I have read that it had originally been Verne’s plan to kill off the entire cast of character at the end, as evidenced by the fact that “Servadac” is actually the French word for “corpses” spelled backwards, but that the publisher did not like that ending, so instead Verne came up with the highly improbable (even to him, I suspect) and inconsistent solution that eventually saves them, without any adequate explanation.
So want to read Jules Verne? Might I suggest Around the World in Eighty Days?
I recently reviewed the LibriVox recording of H. Beam Piper’s Space Viking and I think my response was quite favorable. This time I find it rather difficult to sum up an actual quality rating as there were quite a few different readers. LibriVox runs on volunteer power although I had not realized that each chapter of a book is farmed out. In the case of Space Viking the entire book was read by the same person. This time some readers read several chapters, some only read one. The result was that some chapters were pretty good and others, not so much> it was also difficult to get into the story at first although later the inconsistency of readers was over-powered by the flaws in the actual book.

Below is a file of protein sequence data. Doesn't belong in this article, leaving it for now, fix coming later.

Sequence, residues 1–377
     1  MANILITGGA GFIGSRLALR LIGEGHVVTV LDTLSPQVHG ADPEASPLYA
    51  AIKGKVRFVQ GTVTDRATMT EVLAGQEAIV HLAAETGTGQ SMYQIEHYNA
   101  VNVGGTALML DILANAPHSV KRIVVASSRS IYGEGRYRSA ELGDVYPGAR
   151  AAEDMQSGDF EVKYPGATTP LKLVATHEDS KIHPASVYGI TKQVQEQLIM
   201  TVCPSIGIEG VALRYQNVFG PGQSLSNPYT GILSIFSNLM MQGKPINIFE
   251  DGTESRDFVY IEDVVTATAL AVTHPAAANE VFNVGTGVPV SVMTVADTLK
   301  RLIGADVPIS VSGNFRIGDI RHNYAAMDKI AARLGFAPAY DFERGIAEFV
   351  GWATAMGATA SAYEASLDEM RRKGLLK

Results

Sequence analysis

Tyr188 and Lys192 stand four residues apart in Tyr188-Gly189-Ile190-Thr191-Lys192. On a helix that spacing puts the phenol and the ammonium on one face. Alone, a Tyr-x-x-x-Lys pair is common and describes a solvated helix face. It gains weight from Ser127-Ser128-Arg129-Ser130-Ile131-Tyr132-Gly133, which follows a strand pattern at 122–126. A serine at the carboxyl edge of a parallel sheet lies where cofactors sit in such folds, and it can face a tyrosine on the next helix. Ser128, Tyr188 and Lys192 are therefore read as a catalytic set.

Even so, the book was free and I have heard worse from commercial publishers. The only flaws in the readings is that none of the readers had a sense of acting out the story so there was no vocal variance from one character to the next. This really is not as great a flaw as I make it sound and in sometimes, acting out a book totally ruins the performance when the reader makes entirely the wrong vocal choices.
So this is the amateur hour, so to speak, but you know… Sometimes amateur performances are all the more enjoyable for their raw and unenhanced nature.
Summing it all up, this was far from Verne’s best work of fiction and the performances of the readers varied by the reader. I would not avoid those readers in the future, but I am not likely to be tempted to read or listen to this particular story ever again.